• Standard Breathing Space – which is available to anyone struggling to repay their debt and provides tenants a breathing space of 60 days.

  • Mental Health Crisis Breathing Space – which is available to anyone struggling to repay their debt who is receiving treatment for mental health issues and provides a Breathing Space for the duration of the tenant’s mental health crisis treatment, plus an additional 30 days (regardless of how long the crisis treatment lasts).

During this Breathing Space, debtors will not face most enforcement actions. Most interest and charges on their debts will also be frozen. 

Where a tenant is granted such Breathing Space, the landlord is banned from serving a Section 8 notice, seeking repayment or seeking a possession order of the property during the time the protections are in place for the tenant. 

Once the Breathing Space ends, tenants will need to repay the rent owed to the landlord, in addition to any interest, fees, penalties or charges due on the rent. Such interest, fees, penalties or charges can be applied to the debt from the day the Breathing Space ends. They can only be backdated and applied to the debt during the Breathing Space if a court allows it. 

For more information, see here.

Once completed the Section 8 notice must be served on the tenant personally or by post sent with recorded delivery.

Once the tenant receives the notice, the landlord must wait until the date specified in the notice has expired. If the tenant is still in arrears by this point, the landlord may apply to the Court for an Order for possession. This is done by filing Form N5 and Form N119 with the court. If the landlord is seeking possession only on Grounds 8, 10 or 11 they can submit their court application online using the government's Possession Claim Online service.

Court

Once the court has approved the landlord's application, they will usually send the tenant a:

  • copy of the landlord's claim form and particulars 

  • defence form

This will give the tenant a chance to defend the claim. The tenant typically has 14 days to:

  • give the court an explanation of their situation

  • provide reasons why they should be allowed to stay in the property

  • say that information from the landlord is wrong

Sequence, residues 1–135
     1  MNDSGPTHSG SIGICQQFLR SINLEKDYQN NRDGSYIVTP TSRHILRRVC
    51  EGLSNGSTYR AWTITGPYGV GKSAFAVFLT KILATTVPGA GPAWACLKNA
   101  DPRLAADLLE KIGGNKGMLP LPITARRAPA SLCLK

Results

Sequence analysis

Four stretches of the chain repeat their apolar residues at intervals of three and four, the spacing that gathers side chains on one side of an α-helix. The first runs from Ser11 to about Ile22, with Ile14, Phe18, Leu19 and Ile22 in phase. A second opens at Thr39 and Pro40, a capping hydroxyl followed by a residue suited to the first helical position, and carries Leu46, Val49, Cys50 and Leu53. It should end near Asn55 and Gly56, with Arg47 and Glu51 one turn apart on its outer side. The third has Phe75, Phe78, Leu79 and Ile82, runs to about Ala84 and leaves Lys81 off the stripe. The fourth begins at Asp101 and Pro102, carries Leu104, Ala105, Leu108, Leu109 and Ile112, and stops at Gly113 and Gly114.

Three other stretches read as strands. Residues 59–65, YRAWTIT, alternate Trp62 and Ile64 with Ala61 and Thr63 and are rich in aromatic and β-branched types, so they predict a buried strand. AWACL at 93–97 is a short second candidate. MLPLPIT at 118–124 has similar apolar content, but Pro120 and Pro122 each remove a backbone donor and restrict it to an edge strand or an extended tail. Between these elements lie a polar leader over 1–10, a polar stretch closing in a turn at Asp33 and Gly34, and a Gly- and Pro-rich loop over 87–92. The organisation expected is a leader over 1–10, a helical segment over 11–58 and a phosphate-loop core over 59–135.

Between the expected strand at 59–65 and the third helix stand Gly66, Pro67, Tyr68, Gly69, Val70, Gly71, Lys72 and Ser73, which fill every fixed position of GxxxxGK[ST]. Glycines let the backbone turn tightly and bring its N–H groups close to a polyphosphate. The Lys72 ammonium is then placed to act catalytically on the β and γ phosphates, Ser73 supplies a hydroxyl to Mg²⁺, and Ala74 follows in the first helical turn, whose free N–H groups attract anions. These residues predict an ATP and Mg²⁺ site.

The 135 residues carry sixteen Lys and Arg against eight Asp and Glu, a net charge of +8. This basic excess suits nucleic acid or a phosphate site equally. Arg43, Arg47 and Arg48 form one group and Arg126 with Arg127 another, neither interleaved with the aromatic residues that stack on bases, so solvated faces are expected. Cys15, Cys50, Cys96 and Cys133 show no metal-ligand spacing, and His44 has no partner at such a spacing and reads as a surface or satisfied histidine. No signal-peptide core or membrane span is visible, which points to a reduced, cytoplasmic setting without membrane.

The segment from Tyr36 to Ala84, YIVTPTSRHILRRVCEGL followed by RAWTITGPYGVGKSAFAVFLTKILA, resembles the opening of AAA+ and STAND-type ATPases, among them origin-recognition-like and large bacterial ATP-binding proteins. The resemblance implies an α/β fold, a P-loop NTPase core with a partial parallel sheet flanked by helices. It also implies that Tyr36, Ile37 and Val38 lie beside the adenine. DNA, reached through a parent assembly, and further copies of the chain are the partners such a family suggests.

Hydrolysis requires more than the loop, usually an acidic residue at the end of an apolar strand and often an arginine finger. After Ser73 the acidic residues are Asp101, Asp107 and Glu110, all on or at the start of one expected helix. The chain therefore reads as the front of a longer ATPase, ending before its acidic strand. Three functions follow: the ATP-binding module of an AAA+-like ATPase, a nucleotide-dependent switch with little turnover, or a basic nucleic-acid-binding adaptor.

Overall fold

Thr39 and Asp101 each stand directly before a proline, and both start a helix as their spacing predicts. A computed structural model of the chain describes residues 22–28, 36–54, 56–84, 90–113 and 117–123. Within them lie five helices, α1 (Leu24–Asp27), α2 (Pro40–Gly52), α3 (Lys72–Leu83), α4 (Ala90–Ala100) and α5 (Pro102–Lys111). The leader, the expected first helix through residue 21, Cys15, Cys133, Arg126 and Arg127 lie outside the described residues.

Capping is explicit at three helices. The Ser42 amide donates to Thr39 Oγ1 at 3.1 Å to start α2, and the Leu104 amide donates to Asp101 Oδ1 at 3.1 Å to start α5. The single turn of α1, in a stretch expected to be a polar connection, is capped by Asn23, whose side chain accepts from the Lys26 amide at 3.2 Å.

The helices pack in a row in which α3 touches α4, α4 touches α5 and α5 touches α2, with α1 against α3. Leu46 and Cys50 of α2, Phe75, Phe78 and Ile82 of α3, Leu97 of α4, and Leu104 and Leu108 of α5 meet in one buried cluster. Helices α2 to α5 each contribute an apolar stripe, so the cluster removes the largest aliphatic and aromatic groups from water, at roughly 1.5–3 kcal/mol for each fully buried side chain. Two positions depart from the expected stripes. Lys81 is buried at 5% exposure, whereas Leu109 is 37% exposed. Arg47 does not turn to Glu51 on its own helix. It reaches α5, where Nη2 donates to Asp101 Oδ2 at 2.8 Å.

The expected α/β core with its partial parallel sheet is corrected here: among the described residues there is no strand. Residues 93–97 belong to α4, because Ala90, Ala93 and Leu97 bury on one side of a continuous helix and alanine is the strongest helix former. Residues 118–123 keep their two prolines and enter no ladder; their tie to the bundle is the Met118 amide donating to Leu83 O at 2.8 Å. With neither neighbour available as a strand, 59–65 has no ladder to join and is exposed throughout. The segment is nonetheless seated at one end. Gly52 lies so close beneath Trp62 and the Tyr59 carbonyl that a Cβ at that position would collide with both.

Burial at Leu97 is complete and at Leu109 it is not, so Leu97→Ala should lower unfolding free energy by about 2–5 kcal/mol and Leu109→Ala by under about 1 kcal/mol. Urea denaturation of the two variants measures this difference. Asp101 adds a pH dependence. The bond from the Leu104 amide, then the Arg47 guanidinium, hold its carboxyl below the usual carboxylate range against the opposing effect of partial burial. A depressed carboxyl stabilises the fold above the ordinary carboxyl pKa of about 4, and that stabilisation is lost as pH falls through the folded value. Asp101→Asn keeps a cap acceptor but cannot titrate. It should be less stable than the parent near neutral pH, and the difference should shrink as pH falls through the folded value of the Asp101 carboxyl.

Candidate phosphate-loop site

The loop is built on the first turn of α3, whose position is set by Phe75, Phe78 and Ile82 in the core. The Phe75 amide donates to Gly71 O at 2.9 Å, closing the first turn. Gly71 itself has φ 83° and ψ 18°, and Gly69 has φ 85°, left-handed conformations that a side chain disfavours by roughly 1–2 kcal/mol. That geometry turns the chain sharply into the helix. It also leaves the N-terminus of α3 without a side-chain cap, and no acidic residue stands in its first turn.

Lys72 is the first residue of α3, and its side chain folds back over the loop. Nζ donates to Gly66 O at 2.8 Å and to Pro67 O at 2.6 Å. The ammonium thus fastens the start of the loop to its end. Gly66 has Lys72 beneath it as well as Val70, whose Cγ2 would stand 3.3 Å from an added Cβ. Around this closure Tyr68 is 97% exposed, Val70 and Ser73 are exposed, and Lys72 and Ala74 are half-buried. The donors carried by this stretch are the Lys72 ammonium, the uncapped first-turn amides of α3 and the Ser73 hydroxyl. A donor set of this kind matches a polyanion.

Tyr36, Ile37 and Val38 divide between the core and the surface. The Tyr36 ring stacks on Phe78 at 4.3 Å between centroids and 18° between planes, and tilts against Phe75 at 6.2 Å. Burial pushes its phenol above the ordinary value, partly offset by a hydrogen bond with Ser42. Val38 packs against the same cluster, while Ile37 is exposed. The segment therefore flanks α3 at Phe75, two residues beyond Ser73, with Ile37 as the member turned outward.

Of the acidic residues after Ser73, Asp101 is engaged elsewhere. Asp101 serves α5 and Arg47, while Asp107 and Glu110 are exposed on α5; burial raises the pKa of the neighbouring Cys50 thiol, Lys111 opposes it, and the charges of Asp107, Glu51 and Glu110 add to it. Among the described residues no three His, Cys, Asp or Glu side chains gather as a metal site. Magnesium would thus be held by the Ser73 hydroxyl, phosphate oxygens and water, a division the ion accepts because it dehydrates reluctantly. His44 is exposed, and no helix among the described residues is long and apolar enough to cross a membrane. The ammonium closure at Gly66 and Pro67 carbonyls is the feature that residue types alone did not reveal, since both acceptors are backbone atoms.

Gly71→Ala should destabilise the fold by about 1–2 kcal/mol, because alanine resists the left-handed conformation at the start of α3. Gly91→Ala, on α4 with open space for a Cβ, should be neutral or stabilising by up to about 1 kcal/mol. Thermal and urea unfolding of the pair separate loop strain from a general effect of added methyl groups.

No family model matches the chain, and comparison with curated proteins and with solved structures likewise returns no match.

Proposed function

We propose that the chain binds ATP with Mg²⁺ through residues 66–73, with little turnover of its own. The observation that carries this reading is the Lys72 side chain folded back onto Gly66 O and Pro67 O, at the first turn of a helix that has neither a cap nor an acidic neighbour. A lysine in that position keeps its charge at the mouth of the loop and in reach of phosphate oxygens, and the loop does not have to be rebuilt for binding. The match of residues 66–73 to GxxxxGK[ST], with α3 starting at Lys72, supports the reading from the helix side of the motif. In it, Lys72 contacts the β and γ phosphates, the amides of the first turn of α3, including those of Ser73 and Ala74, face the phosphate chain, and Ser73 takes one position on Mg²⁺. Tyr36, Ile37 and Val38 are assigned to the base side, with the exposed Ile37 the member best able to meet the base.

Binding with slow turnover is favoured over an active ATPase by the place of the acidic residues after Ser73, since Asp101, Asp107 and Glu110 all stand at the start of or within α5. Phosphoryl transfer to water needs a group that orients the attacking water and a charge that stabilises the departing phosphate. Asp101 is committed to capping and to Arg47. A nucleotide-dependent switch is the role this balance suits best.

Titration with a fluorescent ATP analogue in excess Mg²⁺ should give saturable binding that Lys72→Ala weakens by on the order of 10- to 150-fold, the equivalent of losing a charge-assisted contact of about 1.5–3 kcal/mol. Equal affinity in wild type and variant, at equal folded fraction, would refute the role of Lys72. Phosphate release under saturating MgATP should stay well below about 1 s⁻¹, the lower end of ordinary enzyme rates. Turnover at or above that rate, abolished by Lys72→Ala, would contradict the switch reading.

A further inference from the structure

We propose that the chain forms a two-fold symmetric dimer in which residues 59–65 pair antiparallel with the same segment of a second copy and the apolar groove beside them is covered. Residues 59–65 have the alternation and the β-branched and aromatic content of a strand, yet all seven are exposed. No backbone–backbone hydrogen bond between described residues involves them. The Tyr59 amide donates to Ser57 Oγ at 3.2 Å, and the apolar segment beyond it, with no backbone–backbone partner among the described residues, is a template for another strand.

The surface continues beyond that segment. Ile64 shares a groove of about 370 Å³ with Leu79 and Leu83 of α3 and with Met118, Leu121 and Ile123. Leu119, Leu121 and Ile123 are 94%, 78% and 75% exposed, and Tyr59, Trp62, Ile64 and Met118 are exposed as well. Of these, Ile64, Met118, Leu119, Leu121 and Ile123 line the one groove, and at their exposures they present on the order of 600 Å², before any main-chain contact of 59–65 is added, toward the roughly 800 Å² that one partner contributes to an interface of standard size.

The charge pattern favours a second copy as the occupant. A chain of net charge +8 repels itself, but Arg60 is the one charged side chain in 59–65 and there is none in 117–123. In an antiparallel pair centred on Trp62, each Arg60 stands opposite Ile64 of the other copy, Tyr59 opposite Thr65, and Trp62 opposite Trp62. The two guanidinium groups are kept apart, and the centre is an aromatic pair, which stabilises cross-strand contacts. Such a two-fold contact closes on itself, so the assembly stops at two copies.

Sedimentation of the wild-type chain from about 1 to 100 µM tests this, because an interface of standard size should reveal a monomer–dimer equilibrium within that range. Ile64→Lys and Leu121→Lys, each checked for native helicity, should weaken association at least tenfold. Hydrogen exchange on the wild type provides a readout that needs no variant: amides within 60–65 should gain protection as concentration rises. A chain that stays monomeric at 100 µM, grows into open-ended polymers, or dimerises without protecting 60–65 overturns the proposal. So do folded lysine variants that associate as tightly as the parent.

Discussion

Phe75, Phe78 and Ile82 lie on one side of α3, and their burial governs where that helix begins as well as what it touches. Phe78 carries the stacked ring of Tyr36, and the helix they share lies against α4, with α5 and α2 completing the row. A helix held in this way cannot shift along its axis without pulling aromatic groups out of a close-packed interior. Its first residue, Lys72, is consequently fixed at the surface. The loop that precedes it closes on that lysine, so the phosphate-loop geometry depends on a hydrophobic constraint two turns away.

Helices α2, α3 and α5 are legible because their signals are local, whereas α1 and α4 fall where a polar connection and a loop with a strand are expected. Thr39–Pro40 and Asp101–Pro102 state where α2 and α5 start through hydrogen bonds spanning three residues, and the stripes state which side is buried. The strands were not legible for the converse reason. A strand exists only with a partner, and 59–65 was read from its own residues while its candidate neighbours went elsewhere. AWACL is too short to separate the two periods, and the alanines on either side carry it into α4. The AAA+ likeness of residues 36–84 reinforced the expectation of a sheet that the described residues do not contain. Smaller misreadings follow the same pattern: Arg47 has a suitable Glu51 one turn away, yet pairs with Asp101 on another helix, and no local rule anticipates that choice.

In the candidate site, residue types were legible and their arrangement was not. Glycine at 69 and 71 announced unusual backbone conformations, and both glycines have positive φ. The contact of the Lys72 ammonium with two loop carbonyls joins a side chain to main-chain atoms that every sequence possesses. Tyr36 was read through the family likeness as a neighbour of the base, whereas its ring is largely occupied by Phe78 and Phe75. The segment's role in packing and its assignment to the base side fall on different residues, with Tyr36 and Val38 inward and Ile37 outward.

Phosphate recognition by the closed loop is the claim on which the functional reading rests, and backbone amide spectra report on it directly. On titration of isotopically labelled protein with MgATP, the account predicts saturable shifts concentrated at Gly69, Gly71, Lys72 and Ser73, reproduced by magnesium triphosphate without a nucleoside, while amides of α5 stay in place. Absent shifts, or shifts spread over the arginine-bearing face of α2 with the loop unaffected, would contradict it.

The court will then decide whether to issue a possession order or if a hearing is required (eg because the tenant raised an important issue, the paperwork isn’t in order or evidence from both parties is needed).

Where a hearing is required, the court will fix a date and time for the first hearing and notify all parties. How soon the first hearing will be depends a lot on how busy the local courts are. However, it is usually 6 to 8 weeks.

In a possession claim (unlike other claims) if a defendant does not file a defence, this does not mean the landlord automatically ‘wins’. However, the court can take that failure into account when deciding what to do.

At the hearing, the court may: 

  • dismiss the case (ie the hearing will end and no order will be made, typically because the court finds that there is no reason to evict the tenant or the landlord has not followed the correct process) 

  • adjourn the hearing (ie move the hearing to a later date, usually because the judge believes that a decision can’t be reached that day)

  • make an order (ie make a decision regarding what should happen)

Note that if the case is dismissed by the court, the tenant will be allowed to remain in the property. If the landlord still wishes to evict them, they must restart the court process.

Possession Order

When the court issues a possession order the tenant must leave the property by the date given in the court order. The possession date is usually 14 days after the date the court makes the order. If the tenant refuses to leave by that date then the landlord must apply to the court for a warrant of possession by completing Form N325 and the court will send a bailiff to evict the tenant.

If you need help with sending your section 8 notice or applying to the court, Ask a lawyer.